Does God have a body?

June 25, 2016

Dale writes:

A self is being which is in principle capable of knowledge, intentional action, and interpersonal relationships. A god is commonly understood to be a sort of extraordinary self. In the Bible, the god Yahweh (a.k.a. “the LORD”) commands, forgives, controls history, predicts the future, occasionally appears in humanoid form, enters contracts with human beings, and sends prophets, whom he even allows to argue with him. More than a common god in a pantheon of gods, he is portrayed as being the one creator of the cosmos, and as having uniquely great power, knowledge, and goodness.

Does this mean that God is a person? If so, does this mean that God has a body?

In The Bodies of God and the World of Ancient Israel Benjamin Sommer argues that it was the normal view in Judaism and in other ancient near east religions that God does have a human-like body, based on Genesis 1. (‘made in his image and likeness’). See also the well-known passage in Exodus 33 where Moses is allowed to see God’s backside, but nothing else. “When my glory passes by, I will put you in a cleft in the rock and cover you with my hand until I have passed by. Then I will remove my hand and you will see my back; but my face must not be seen.” So God is able to move from one place to another, since he can ‘pass by’, and he also has a hand (and a face).

Sed contra: Deuteronomy 4:11 ‘Then the Lord spoke to you out of the midst of the fire. You heard the sound of words, but saw no form; there was only a voice.’

In this connection, I have been reading P.F. Strawson’s seminal 1959 work Individuals. Strawson writes (Individuals, p.58) ‘it is a conceptual truth that persons have material bodies’. Assuming that God is a self or a person, does this mean that God has a material body?

I looked at Strawson’s argument again, as far as I could make sense of it. It’s a transcendental argument, namely an argument that X is a necessary condition for the possibility of Y, that Y is the case, and so X is the case. Strawson defines the concept of a person as the subject of both M (material) predicates such as ‘weighs 200 lbs’ and P (psychological) predicates such as ‘is depressed’. This is merely a definition, but he goes on to argue (p.102) that the concept of a person, i.e. that which can satisfy both types of predicate, is logically primitive, whereas the concept of a subject who can satisfy P predicates is logically posterior, i.e. can exist only, if at all, as a secondary non-primitive concept, which itself is explicable only in terms of the concept of a person. Thus it is a necessary condition of our having the concept of a subject of experience that it must involve the same subject being able to satisfy material predicates like ‘weighs 200 lbs’ etc.; we do have the concept of a subject of experience; ergo such subjects must be persons as Strawson has defined ‘person’, i.e. a subject to which we attribute both P and M type predicates.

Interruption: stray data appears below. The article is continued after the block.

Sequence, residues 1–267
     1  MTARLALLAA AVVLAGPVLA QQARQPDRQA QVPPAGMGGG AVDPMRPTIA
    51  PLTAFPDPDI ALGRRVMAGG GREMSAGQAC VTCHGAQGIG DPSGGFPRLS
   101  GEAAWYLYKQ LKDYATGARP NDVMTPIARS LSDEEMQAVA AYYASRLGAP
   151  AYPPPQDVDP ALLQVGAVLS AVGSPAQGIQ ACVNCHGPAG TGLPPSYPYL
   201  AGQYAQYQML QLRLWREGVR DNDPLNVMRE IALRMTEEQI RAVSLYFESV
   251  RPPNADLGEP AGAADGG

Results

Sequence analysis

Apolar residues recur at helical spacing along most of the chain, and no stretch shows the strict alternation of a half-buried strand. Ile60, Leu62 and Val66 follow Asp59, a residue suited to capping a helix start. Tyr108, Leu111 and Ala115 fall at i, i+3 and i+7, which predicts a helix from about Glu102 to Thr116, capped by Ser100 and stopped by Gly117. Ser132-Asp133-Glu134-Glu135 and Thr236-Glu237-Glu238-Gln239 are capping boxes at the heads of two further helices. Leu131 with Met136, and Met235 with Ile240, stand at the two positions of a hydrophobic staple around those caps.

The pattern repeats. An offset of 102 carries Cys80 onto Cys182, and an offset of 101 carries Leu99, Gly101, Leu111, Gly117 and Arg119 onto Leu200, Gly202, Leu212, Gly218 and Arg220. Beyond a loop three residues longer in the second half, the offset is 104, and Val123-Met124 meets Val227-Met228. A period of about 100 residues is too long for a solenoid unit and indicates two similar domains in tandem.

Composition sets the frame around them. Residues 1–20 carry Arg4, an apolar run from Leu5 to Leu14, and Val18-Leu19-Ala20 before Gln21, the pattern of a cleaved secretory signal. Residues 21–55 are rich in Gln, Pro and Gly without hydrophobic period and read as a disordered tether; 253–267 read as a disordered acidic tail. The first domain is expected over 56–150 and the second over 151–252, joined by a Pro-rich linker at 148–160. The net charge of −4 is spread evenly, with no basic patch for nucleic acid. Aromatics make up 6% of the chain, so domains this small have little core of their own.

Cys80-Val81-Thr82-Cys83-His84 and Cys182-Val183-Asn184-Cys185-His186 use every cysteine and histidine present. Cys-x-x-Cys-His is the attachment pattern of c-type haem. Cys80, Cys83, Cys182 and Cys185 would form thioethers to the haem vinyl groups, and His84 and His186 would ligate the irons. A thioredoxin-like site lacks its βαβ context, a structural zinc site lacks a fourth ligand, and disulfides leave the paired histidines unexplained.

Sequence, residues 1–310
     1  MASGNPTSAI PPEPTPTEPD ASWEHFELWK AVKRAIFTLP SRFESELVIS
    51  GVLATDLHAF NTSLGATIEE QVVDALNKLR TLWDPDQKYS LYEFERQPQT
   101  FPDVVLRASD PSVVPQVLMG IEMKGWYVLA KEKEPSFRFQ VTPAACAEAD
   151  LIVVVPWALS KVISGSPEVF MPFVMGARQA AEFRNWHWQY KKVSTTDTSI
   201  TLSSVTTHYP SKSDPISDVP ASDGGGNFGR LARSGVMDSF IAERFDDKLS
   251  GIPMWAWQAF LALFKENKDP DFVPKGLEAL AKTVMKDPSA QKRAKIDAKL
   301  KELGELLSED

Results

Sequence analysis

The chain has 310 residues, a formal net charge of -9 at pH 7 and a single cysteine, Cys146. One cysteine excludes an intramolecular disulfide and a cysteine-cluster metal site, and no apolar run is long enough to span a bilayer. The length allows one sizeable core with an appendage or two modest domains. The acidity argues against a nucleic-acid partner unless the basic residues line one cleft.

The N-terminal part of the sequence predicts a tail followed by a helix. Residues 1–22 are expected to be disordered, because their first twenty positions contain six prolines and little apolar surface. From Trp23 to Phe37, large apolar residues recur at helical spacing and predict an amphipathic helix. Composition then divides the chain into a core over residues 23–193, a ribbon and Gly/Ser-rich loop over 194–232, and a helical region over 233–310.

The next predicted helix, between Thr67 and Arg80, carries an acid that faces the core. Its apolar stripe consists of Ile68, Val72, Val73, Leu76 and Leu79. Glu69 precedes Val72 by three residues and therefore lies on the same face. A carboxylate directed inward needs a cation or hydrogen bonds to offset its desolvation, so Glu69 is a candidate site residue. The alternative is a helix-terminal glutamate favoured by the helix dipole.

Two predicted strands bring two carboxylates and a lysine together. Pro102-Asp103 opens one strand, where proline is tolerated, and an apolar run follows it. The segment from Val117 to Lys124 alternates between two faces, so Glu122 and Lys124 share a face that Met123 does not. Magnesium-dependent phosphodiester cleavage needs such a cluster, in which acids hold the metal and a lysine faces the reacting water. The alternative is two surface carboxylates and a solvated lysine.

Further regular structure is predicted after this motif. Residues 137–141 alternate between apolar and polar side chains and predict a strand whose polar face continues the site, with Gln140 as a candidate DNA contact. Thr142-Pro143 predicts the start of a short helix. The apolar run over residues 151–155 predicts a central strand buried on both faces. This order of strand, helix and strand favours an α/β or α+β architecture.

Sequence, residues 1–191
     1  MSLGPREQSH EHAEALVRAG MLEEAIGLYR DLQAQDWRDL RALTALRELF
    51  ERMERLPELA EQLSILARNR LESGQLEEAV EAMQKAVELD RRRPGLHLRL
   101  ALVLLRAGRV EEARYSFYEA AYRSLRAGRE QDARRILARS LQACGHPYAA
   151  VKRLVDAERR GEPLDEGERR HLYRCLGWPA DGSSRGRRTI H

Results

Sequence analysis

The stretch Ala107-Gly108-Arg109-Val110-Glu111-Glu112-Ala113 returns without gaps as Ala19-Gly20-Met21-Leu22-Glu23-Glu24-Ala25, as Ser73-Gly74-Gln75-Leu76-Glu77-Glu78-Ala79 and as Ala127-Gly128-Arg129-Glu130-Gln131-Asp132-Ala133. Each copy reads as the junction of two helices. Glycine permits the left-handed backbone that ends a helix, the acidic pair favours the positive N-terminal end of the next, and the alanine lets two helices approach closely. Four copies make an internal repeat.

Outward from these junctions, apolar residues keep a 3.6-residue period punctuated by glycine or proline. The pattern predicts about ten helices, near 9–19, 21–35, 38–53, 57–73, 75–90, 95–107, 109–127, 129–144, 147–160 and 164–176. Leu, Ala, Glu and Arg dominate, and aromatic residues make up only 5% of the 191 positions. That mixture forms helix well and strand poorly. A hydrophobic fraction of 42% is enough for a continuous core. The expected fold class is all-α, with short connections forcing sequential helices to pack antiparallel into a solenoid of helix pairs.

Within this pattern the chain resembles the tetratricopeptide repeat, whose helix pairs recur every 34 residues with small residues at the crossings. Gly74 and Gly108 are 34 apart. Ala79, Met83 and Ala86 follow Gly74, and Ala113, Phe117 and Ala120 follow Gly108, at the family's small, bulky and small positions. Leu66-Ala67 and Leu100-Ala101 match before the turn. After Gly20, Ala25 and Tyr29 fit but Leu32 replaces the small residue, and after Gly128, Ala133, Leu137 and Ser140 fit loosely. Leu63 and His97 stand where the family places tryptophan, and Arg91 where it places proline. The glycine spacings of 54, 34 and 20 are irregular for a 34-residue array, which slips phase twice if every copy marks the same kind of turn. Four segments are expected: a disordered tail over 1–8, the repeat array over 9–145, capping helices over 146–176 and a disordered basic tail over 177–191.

He adds (p.116) ‘It is for this reason that the orthodox have wisely insisted on the resurrection of the body’.

His reasoning is difficult to follow, but here is my interpretation. The predicate ‘depressed’ has the same meaning whether you say to me ‘I am depressed’ or I say, ‘you are depressed’, to you. The first is a case of self-assignment of an experience, the other is a case of assigning such an experience to another. This means that we have both the concept of an experience or state of consciousness, i.e. what is predicated by a P-predicate, and a concept of the subject of experience, i.e. the subject of the state of consciousness.

Now if I tell you that I am also depressed, it follows that different subjects can have the same experience, i.e. when you and I each say ‘I am depressed’ or, to each other, ‘you are depressed’, we are predicating the same thing of different subjects. But different subjects of experience must be distinguishable and identifiable (p.102) , and it is part of Strawson’s wider thesis that subjects can be distinguishable and identifiable only if they are embodied, that is, part of a unified spatio-temporal framework. Thus the concept of a subject of experience would be impossible if the concept were logically primitive. ‘For there could never be any question of assigning an experience, as such, to any subject other than oneself; and therefore never any question of assigning it to oneself either, never any question of ascribing it to a subject at all’. Thus the concept of a person, i.e. a conscious material being, is logically primitive.